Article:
This 2007 image, created by Centers for Disease Control and Prevention (CDC), Public Health Advisor, Margaret Hercules with the National Center for Immunization and Respiratory Disease (NCIRD), Global Immunization Division, depicts a young child in the country of Cambodia, who was in the process of receiving his injection of measles vaccine that was being administered by a qualified public healthcare professional. As the syringe delivered its contents into the boy’s upper left arm, he looked on, expressing very little in the way of apprehension for a patient of his young age.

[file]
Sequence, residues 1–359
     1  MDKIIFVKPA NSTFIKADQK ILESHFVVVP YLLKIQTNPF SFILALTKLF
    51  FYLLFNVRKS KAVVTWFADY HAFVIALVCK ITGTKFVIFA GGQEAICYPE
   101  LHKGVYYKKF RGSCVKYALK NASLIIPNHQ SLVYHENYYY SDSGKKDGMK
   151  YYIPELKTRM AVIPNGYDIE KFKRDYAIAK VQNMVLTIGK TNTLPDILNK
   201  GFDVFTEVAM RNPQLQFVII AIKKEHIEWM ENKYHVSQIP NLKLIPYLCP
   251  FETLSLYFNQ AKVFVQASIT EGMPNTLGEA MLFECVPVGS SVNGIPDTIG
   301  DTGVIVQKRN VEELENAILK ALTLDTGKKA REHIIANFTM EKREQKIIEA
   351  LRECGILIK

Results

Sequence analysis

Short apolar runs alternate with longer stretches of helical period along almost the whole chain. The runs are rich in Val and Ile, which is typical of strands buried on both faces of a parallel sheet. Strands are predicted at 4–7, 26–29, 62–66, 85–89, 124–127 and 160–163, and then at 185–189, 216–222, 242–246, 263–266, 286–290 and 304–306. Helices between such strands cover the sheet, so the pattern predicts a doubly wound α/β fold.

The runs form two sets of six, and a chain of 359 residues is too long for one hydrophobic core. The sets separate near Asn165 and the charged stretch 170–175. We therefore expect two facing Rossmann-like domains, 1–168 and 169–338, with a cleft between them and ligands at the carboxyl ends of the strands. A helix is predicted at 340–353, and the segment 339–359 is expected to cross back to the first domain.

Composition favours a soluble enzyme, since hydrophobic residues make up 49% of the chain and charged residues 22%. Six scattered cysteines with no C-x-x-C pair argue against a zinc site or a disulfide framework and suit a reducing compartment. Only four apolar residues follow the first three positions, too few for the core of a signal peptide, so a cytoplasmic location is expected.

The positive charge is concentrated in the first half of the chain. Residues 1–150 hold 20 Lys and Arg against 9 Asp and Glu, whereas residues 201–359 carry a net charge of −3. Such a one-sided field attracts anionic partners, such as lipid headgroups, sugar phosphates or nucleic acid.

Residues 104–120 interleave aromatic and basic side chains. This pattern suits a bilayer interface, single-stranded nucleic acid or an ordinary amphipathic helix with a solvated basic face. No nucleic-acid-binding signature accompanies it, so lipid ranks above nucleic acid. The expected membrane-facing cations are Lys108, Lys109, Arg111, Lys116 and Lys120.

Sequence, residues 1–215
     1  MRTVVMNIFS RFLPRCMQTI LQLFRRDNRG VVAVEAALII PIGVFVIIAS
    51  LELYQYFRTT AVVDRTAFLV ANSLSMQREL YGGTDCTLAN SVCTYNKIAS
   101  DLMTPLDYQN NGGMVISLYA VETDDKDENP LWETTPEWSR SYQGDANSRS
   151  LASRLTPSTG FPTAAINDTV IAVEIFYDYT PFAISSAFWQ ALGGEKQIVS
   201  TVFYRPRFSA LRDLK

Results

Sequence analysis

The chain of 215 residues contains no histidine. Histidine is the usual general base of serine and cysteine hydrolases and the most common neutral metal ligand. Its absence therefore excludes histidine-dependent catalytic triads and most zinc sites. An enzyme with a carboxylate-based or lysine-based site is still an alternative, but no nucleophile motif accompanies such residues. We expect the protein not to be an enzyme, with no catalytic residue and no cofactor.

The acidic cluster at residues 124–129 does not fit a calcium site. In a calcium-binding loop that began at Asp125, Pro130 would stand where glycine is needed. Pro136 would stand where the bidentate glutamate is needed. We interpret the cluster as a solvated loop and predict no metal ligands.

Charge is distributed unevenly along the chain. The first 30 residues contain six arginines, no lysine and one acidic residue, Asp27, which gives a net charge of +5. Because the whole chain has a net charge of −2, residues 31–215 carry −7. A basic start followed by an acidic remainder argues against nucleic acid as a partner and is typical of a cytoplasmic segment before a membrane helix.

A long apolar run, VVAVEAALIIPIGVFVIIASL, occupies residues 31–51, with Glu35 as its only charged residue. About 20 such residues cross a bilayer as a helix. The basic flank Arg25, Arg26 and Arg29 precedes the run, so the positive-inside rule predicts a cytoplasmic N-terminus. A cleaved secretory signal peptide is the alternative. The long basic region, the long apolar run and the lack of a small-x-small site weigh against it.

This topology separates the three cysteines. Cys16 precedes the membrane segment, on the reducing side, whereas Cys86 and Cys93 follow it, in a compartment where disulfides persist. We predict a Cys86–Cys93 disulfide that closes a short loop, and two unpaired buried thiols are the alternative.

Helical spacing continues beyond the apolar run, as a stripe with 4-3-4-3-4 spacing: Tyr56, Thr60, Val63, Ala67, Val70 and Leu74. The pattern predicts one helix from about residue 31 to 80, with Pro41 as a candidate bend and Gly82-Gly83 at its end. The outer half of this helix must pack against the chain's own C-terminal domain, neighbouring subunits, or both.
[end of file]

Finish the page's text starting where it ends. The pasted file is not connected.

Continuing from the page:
Measles is a highly contagious respiratory disease caused by the measles virus. The disease is also called rubeola. Measles causes fever, runny nose, cough and a rash all over the body. About one out of 10 children with measles also gets an ear infection, and up to one out of 20 gets pneumonia. For every 1,000 children who get measles, one or two will die. Adults can also get measles especially if they are not vaccinated. Children under 5 years of age and adults over 20 are at higher risk for measles complications including pneumonia, and a higher risk of hospitalization and death from measles than school aged children and adolescents.